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Child Marriage and Reproductive Health Outcomes in South Asia
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Child Marriage and Reproductive Health Outcomes in South Asia

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This presentation provides an understanding of the role of child marriage on reproductive health outcomes using evidence from a multi-country study in South Asia.

This presentation provides an understanding of the role of child marriage on reproductive health outcomes using evidence from a multi-country study in South Asia.

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  • This research was supported by the US Government through the MEASURE Evaluation Population and Reproductive Health Award. I’d like to acknowledge my co-authors, Deepali Godha and Anastasia Gage of Tulane University.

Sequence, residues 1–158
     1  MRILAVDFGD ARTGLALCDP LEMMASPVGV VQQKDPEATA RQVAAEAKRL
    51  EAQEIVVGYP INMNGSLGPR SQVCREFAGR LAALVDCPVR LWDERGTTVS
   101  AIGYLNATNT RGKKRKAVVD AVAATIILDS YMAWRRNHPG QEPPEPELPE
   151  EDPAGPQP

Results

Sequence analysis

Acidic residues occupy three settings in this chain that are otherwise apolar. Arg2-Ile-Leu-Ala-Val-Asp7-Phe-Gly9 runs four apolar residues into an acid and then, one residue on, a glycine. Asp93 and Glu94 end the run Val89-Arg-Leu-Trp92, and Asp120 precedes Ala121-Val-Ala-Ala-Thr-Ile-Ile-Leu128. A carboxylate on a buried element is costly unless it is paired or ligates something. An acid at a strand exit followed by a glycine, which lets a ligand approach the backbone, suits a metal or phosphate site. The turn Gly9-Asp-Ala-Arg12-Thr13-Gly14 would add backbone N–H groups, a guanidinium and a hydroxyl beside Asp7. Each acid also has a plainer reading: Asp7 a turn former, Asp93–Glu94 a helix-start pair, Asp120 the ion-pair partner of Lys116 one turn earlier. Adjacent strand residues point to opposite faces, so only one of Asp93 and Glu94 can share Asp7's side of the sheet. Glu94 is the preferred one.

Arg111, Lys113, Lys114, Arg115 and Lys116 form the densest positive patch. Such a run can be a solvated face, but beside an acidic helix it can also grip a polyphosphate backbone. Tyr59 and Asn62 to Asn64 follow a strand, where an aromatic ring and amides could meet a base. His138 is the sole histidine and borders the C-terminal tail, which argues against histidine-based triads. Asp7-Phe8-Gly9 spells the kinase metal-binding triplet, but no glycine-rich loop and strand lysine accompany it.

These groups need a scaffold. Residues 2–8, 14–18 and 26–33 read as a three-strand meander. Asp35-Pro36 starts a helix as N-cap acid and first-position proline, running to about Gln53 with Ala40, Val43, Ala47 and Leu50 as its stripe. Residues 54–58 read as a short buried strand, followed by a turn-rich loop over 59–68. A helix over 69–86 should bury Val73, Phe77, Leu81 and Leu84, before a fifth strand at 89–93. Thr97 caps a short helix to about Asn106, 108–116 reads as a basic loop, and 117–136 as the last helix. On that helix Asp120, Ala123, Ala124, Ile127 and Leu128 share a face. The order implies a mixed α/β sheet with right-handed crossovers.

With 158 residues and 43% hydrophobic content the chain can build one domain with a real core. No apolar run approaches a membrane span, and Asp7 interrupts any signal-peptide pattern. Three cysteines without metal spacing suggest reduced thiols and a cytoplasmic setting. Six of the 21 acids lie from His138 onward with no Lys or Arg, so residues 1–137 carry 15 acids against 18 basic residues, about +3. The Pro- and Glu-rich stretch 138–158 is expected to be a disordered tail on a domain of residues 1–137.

• Although substantial progress has been made in reducing the prevalence of child marriage (marriage before the age of 18 years), it remains a pervasive problem in South Asia and sub-Saharan Africa, with female children being disproportionately at risk. In India, which has been labeled one of the “hotspots” for child marriage, the proportion of girls aged 20-24 who married before the age of 18 years (the legal minimum age at marriage) declined from 54% in 1992-93 to 50% in 1998-1999 and 47% in 2005-2006. However, in 2005-2006, the prevalence of child marriage exceeded 55% in some eastern, northern, and southern states. Child marriage is increasingly recognized as a violation of human rights. Previous research has associated child or early marriage with a number of adverse health and social outcomes. Raj et al. found that child marriage was significantly associated with high fertility and poor fertility control among young Indian women. Women aged 20-24 who first married before the age of 18 were more likely than those who first married at older ages to have three or more births, a repeat childbirth in less than 24 months, multiple unwanted pregnancies, pregnancy termination, and sterilization. Other researchers have associated child marriage with increased exposure to HIV/AIDS, cross-generational sex, obstetric fistula, high maternal mortality and morbidity, and depression. These adverse outcomes have been attributed to a host of factors, including restricted access to education and health information, limited exercise of informed choices, greater power imbalances between spouses, limited mobility and social interaction, and limited access to health care among child brides compared with women who marry at older ages.